Bergen awaits the first connection of its new shore power facilities



Tuesday, March 23, 2021 - 09:26 by ce-press

The Port of Bergen together with Plug Bergen, a 50/50 partnership with Plug Holding, a company owned by regional grid/energy provider company BKK, have recently completed five shore power connections: two at the Skolten pier, one at the Bontelabo pier and two at the Jekteviken pier, with a total capacity of 48 MVA.

Even Husby, head of environment Port of Bergen, who has been a main and key driver of the project, estimates that of the calls originally planned this year, 150 would have been from ships equipped for shore power connection.

“The construction of these facilities ensures that all the ships arriving in Bergen can now receive shore power. We will prioritise ships that can use shore power and we will limit the number of ships coming in at one time in accordance with municipality regulations, which is three,” explains Maria Bos, chief executive officer Plug.

Right from the beginning, when the first low voltage connection point for cargo ships was installed in 2015 (there are now 16), Husby recognised the importance of developing a good business case for shore power realising that it should not be dependent only on public funding. Public funding has been essential when building the facilities, but we need to develop this as a self-supporting solution for the longer run.

In the case of the cruiseships, the total investment exceeds NKr100 million (€9.9 million) with some funding coming from government-funded Enova and Plug itself financing the two connection points in Jekteviken. All the power comes from a local hydropower plant which also supplies the city itself.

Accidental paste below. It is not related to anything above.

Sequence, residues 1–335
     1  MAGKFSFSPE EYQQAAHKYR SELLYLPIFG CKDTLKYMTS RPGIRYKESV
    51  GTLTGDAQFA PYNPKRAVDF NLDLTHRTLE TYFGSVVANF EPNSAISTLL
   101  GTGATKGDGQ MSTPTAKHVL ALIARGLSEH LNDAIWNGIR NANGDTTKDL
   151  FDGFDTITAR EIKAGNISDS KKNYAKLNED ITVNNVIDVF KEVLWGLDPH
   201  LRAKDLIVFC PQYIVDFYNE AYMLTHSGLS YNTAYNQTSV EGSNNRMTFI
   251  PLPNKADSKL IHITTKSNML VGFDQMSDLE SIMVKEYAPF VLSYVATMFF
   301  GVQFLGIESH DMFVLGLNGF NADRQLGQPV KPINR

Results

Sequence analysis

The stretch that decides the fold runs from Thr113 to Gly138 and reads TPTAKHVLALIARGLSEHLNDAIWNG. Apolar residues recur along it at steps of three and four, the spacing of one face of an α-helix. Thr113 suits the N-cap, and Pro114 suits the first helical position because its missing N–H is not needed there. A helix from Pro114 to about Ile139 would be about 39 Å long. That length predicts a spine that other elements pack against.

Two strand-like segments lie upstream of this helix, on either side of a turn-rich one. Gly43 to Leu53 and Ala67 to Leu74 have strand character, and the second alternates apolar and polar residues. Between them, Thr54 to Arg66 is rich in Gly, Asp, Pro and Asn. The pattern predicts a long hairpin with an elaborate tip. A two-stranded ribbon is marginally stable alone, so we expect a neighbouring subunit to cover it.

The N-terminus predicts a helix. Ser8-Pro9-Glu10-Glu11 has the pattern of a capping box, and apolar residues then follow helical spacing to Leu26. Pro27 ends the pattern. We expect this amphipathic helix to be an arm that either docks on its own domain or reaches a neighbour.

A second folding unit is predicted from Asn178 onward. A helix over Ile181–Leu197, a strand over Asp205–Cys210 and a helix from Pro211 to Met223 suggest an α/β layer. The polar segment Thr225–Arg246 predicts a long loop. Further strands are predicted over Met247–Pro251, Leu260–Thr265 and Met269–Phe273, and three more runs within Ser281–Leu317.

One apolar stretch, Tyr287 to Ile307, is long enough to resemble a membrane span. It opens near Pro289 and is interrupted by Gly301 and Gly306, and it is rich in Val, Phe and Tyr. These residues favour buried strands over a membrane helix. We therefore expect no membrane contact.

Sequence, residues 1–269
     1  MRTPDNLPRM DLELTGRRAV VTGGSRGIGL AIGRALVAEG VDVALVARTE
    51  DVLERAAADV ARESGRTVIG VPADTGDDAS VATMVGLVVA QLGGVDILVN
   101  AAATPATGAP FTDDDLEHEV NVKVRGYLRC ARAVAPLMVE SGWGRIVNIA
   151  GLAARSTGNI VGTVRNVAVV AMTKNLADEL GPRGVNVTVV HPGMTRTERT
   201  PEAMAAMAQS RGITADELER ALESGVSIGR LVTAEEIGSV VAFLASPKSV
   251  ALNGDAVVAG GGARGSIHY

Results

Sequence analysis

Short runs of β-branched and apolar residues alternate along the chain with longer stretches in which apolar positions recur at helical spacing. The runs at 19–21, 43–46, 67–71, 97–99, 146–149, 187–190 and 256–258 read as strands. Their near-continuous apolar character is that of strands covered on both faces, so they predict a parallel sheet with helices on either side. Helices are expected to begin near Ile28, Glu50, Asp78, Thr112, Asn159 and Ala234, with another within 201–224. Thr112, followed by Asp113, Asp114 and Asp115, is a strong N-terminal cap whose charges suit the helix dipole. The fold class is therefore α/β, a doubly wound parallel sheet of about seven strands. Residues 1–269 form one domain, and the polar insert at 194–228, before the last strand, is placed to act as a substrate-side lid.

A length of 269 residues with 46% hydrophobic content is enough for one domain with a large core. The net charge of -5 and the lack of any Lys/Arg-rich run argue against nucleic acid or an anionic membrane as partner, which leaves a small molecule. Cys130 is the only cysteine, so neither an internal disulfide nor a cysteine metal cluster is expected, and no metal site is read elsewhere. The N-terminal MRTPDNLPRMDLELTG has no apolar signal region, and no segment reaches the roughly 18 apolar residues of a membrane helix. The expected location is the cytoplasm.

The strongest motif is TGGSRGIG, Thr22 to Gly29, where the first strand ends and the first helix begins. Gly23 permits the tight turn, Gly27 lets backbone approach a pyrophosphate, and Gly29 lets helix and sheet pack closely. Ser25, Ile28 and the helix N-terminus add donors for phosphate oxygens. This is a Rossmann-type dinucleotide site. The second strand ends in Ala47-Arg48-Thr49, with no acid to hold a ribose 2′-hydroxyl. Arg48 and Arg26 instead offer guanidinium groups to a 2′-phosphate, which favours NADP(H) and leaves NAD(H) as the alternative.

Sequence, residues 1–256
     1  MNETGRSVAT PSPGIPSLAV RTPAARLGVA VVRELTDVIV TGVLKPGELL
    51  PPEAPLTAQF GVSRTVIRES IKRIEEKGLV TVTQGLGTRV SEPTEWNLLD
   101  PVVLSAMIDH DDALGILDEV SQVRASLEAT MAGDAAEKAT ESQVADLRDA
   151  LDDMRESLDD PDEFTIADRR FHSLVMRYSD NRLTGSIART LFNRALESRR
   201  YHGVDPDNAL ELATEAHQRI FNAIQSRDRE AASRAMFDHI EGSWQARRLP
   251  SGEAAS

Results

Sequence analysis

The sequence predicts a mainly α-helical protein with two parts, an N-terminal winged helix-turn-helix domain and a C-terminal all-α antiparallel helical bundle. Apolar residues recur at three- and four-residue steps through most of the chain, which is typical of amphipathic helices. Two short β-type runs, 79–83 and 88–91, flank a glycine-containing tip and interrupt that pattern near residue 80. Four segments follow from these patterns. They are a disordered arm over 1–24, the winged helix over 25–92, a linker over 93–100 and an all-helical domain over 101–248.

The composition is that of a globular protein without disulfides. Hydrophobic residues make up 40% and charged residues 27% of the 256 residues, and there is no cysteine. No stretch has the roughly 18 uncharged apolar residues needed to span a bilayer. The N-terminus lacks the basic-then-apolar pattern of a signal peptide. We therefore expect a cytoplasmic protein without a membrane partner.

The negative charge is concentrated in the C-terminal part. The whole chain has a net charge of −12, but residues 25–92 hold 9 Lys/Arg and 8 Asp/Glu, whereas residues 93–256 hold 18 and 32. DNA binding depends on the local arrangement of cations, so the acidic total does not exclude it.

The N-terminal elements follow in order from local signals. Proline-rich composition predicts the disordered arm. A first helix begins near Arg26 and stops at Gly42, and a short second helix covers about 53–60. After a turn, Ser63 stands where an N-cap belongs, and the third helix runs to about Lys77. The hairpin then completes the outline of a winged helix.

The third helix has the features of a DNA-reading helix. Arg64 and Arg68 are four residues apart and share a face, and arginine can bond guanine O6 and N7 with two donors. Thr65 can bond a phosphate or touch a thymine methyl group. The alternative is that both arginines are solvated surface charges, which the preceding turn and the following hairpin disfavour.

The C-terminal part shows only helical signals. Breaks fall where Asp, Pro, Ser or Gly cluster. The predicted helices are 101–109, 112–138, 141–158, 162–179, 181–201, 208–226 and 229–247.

Plug operates all the shore power in Bergen. Cruiselines will pay a fee per kWh and one for connection. When it comes to pricing and cruiseline willingness to pay, Bos has had no negative feedback so far: “We will just have to see when it comes into operation, but we definitely believe we have a competitive price.”

When it comes to connection, Husby comments: “I don’t think there are any ships equipped with shore power interface that will not be able to plug in. That is why we have built five not three, so that we have the flexibility to connect with as many ships that can connect as possible.”

Bergen’s success in this field has enabled Plug Holding to take its business model to other ports in Norway. Plug Holding is now building shore power for cruise ships in Alesund [three connection points] and Nordfjordeid [one connection point]. Bos says: “Our ambition is to expand this further. We are very interested also in exporting this business model to ports abroad, for example to other European ports.” But she recognises that the pandemic has delayed the decision process for many.

Looking further into the future of power sources, the Port of Bergen has joined forces with an European consortium, which has applied for funding from the European Union’s Horizon 2020. The goal, explains Husby, is to develop the port as a multimodal hub for sustainable and smart mobility.

“Plug is playing an important role in this, alongside a partnership of 24 organisations includingBKK, Kongsberg Maritime, ABB, Air Liquide and Samskip, to mention a few. Port of London, Forth Ports UK, Mantova in Italy and Reykjavik in Iceland are other ports joining the application. We will know in June”.

In addition, Bos says that Plug-owner BKK is working with Air Liquide and Equinor to produce hydrogen north of Bergen. “We are looking at the whole value chain. It is early days. It will be high investment if they can make it.”

With Norwegian regulations already hitting the cruise business in the heritage fjords and potentially extending to the whole of the Norwegian coast, alternative fuels are high on the agenda.

Husby says: “The balance between the needs of the calling ships and the pressure on the environment and local society, is a balancing act. We are happy to move forward with solutions that suits both perspectives. If we in addition establish economically sustainable business models, we have reached our goal. We see shore power has moved from being a cost issue and technical challenge towards being a business opportunity.”

Bos adds: “I think the decision to agree a joint venture with BKK was at the forefront and we are very proud to be part of the success story. It shows what you can do if two groups with different competencies but the same goal join forces.”

For now they are just ready and waiting for the first call.
Bergen awaits the first connection of its new shore power facilities
The building housing the infrastructure for the cruise shore power facility (c) Plug





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